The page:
Sunday, August 14, 2016

If carbon pricing is so great, why isn't it working?

If carbon pricing is so great, why isn't it working?
Ensia, 12 July 2016, by Peter Fairley

Carbon pricing is often touted – by the IMF, by CCL, by me – as the best way to reduce greenhouse gas emissions and get climate change under control.  Various carbon-pricing schemes are already in effect around the world, from "cap-and-trade" in Europe and the Northeast's RGGI to a carbon tax in British Columbia, and carbon pricing is under consideration in several more countries, including China and Brazil.  And yet the carbon-pricing schemes we have seen so far have generally been failures, with prices on carbon so low as to be "virtually valueless" – usually below $15/ton, whereas it is estimated that $44/ton would be needed to achieve the Paris climate goals (as an average global target, I think?).  This discrepancy is, the article argues, because "carbon pricing is as politically inexpedient as it is economically efficient".  For cap-and-trade, this manifests in many ways: too many allowances allocated, too much acceptance of questionable carbon offsets, too much complexity and hidden exemptions.  Carbon taxation schemes avoid most of these pitfalls, and BC's tax of $23/ton has led to some emissions reductions, but the price remains too low, and taxes are more politically difficult to achieve than cap-and-trade schemes.  Despite its success, BC's tax is unpopular and has been frozen since 2012; since Canada, with its very high emissions and dirty tar sands oil, is estimated to need a price of $124/ton to meet its ambitious Paris pledges, it is hard not to see the BC scheme, too, as a failure.  As a result of this, support is growing for a more regulatory approach to climate change.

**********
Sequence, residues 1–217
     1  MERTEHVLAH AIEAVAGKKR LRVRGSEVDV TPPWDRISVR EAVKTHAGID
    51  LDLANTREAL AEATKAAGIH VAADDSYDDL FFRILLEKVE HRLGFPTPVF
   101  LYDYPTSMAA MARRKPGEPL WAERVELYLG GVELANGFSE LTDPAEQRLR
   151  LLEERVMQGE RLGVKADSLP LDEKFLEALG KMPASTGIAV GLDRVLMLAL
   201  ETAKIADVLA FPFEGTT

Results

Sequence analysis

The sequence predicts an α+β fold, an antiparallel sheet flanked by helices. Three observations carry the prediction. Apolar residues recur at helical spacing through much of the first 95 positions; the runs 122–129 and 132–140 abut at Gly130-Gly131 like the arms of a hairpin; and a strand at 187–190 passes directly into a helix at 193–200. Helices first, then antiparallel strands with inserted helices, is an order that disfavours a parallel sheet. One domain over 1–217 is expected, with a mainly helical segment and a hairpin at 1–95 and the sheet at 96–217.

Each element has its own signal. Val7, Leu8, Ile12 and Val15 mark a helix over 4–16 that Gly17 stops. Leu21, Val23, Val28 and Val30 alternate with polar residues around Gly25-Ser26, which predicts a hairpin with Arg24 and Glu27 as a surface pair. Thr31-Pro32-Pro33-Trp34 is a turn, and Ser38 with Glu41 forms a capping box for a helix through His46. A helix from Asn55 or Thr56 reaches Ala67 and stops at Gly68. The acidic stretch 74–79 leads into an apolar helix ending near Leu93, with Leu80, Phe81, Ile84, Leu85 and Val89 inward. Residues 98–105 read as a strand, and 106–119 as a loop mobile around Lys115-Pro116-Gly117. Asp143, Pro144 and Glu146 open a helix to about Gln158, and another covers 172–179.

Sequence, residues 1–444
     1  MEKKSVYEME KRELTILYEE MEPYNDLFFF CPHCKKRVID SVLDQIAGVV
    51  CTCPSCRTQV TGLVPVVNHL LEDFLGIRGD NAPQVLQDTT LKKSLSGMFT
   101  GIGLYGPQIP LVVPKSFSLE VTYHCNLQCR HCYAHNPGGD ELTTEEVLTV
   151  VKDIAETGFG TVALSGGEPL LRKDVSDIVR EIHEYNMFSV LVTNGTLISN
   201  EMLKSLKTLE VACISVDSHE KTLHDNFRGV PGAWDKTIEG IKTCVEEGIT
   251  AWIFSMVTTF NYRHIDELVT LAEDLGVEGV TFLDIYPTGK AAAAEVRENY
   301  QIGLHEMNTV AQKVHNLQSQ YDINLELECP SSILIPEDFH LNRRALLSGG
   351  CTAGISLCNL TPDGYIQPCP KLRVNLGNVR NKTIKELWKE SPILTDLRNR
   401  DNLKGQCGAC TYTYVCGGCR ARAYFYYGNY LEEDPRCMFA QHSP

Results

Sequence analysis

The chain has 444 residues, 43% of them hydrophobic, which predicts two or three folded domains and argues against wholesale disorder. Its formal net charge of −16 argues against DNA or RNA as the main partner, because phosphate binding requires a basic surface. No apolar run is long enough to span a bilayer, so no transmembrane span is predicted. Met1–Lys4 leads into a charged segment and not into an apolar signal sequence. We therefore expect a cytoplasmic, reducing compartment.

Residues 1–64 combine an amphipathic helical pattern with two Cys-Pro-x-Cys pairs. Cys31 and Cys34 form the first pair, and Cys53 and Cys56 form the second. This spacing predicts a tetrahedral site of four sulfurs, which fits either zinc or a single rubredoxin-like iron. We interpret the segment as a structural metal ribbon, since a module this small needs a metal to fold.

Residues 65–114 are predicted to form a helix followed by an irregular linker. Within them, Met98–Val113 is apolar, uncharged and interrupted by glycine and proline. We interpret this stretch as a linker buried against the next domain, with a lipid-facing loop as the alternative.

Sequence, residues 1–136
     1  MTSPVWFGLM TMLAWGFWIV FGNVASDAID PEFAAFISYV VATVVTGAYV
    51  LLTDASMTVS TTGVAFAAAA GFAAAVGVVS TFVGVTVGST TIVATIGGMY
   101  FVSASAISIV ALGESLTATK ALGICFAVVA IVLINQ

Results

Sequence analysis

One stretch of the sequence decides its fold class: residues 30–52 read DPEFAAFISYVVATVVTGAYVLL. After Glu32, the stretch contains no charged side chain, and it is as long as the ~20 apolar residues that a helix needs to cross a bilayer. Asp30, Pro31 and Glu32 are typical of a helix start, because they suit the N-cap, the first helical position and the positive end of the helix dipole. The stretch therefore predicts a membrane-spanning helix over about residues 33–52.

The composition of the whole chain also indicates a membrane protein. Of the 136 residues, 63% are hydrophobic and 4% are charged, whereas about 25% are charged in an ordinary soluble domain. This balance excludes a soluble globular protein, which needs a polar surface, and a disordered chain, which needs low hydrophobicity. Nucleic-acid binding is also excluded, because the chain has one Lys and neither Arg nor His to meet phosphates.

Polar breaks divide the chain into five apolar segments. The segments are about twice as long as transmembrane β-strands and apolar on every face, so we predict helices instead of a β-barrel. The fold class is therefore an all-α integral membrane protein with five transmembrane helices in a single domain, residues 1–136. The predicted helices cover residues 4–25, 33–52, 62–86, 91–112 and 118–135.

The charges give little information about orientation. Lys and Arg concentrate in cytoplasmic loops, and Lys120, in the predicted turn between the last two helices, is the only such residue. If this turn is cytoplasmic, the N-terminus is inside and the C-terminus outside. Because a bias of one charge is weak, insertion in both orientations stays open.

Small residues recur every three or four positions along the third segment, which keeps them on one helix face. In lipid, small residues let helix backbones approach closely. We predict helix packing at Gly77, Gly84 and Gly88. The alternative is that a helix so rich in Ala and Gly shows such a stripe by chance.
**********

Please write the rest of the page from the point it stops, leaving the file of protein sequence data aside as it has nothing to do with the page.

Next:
My take: I love Ensia.  This is a really thoughtful and interesting article that challenged me as a staunch supporter of carbon pricing.  I would not say that it actually changed my mind; I see so many serious problems with the regulatory approach to climate change that a carbon tax simply seems non-negotiable to me.  As Sherlock Holmes said, when you have eliminated the impossible, whatever remains, however improbable, must be the truth.  This article should give pause to all carbon tax advocates given the serious doubts it raises about the viability of carbon pricing.  However, those doubts are only about its political viability.  The article raises no objections regarding the effectiveness of carbon taxation when properly implemented; indeed, the tax in BC is acknowledged to have reduced emissions substantially while perhaps even increasing economic growth in the region – until it was gutted.  So my belief that a carbon tax is the solution remains undiminished; but my worries about the politics of getting there have increased.  CCL's proposed fee-and-dividend scheme would start at a low price that would ratchet upward over time, which I imagine is a nod to political expediency since the necessary price could never pass at the outset.  But BC's experience with a very similar scheme sounds a cautionary note: every time the price went up, there was a new round of kvetching, and soon the political pressure to freeze the increases was irresistible, and so the target price was never reached.  I don't know what the solution is.  Mostly I think our politicians need to be pushed to do what is necessary by a groundswell of public opinion that overwhelms the denialists and the special interests.  Which is why I support CCL.  But boy, this article depressed me.

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